Many thanks Chris and RichA, you gave me some very useful tips which I'll try to put into action tomorrow (weather permitting - it just started raining here in the UK )

    Now that I think about it using my 14-140mm was a bit of a silly idea haha, I'll go borrow some larger glass from a few friends of mine

    I have to say I never thought about using the self timer to eliminate shake from touching the shutter release - its a really simple idea and I'm kicking myself for not thinking of that earlier lol - Many thanks its a very useful tip which I'll definately keep in mind for other aspects of my photography.

    I have to say both of your images are really impressive and inspiring, thanks for sharing them and also many thanks to both of you again for giving me your tips, I really appreciate it

  5. #5
    Senior Member RichA's Avatar
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    Re: Any tips on photographing the moon + starry sky?

    I cheated. The image was taken in the summer when air temp was moderate and the skies very steady. If that same shot was taken in the winter, it would have maybe 1/2 the detail, if that.

  6. #6
    duckrider
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    Re: Any tips on photographing the moon + starry sky?

    hello vincechu,
    vice Your impression monn & stars are "running" along the cope. Result is: If You use exposure times longer than some seconds (depneding on the focal length of Your lens) You will not get shrp pics. You have to do manual (not that easy) our automatic (not that easy and not cheap!!) tracking of Your photographic equipment.
    The only astronomic corpus bright enough for fast tripod pics is the moon. Stars are not bright enough to take pictures without tracking.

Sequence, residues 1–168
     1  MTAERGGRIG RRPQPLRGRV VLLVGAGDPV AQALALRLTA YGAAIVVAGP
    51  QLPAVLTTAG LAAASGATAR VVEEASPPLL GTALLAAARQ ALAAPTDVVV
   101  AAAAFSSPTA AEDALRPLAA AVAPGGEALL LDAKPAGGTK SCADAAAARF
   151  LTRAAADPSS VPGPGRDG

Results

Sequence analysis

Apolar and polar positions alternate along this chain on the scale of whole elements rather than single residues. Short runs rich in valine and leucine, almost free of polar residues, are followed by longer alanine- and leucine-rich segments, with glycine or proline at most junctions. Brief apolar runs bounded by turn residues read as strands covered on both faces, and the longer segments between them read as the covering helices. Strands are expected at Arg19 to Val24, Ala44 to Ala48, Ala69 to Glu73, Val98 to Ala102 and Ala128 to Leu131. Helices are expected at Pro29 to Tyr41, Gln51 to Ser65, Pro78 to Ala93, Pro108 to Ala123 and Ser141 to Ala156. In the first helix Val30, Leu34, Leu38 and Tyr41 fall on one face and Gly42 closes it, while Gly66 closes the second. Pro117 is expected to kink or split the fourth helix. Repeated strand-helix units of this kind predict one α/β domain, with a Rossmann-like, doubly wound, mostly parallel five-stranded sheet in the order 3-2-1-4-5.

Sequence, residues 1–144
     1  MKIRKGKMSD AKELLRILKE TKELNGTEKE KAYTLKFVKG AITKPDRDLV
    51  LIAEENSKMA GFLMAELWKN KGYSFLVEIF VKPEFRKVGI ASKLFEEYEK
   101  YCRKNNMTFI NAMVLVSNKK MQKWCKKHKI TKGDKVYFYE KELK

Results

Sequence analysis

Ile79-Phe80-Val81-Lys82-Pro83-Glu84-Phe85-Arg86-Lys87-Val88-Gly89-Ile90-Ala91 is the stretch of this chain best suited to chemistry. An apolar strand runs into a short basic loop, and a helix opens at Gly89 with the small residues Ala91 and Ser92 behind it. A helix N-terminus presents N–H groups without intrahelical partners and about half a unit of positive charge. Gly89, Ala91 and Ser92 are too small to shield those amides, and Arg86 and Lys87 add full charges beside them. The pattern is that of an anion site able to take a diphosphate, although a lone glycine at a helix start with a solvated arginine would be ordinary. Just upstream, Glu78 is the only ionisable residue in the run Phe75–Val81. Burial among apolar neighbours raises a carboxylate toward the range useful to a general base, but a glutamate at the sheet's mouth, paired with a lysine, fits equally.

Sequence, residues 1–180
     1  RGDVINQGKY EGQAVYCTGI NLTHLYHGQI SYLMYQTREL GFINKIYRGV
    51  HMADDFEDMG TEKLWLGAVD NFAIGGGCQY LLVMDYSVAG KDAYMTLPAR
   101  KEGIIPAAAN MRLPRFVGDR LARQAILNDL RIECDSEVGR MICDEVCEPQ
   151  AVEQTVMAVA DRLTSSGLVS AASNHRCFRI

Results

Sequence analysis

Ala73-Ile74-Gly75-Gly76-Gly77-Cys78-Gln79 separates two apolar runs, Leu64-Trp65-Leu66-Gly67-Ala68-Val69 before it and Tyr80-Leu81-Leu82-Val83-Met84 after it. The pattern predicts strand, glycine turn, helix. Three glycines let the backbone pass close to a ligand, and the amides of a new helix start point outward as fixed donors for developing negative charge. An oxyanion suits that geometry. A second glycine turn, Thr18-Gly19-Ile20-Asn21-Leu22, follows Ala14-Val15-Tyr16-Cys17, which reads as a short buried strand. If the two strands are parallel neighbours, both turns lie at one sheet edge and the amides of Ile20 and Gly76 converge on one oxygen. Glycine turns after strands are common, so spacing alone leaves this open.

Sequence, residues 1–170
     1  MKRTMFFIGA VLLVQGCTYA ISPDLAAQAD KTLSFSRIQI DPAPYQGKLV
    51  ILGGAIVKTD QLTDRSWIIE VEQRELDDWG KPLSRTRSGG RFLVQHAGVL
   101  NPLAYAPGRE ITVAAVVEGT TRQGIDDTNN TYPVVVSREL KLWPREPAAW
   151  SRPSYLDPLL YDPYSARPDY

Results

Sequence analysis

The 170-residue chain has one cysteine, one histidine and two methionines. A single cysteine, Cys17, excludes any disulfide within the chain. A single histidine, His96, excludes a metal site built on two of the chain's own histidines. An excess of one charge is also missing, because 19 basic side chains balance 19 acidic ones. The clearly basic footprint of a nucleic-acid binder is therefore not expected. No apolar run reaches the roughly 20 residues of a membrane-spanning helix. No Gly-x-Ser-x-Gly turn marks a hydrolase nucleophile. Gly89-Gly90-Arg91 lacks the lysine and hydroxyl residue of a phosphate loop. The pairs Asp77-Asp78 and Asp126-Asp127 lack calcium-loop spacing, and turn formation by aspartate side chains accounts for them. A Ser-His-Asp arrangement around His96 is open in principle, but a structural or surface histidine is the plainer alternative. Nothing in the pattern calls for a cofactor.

All Astrophoto-Professionals hate full-moon for deep sky shots, everybody is waiting for new moon because for exposures lasting 30minutes and more moonlight ist disturbing very much.

    Taking impressive photographs of stars & galaxies needs BIG equiment (>10.000Euro) and LONG expierence (>5-10 years, hundreds of sleepless outdoor nights), so don't be disappointed if Your pictures won't look like "Hubble-made".

    good time
    Thomas

  7. #7
    Member vincechu's Avatar
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    Re: Any tips on photographing the moon + starry sky?

    RichA: Thanks for the info, seems photographing the moons more complicated than I expected.

    Thomas: Thanks for the information, I wasn't expecting much detail to start with but I think your tip about manual focusing should help - thanks

  8. #8
    jglover
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    Re: Any tips on photographing the moon + starry sky?

    You can take pics of the very brightest stars without tracking. You will need a steady tripod and a relatively fast normal to wide angle lens. For a standard 35mm frame and a 5omm lens, you can get away with about a 20 to 30 second exposure without the stars beginning to trail on you. Using this technique you can get nice constellation portraits with the brighter stars showing. In the winter in the US, Orion, Canis Major, Gemini, etc. will make nice subjects. I suspect you could probably get more stars if you stacked several images, though I've never tried it with constellation images.

    And, as Thomas said, the full moon will wash out these types of photos. Also, it is really not possible to do constellation portraits and the moon in the same frame, as the longer images required for the constellations will completely wash out the lunar image. To get both in the same frame will require Photoshop trickery!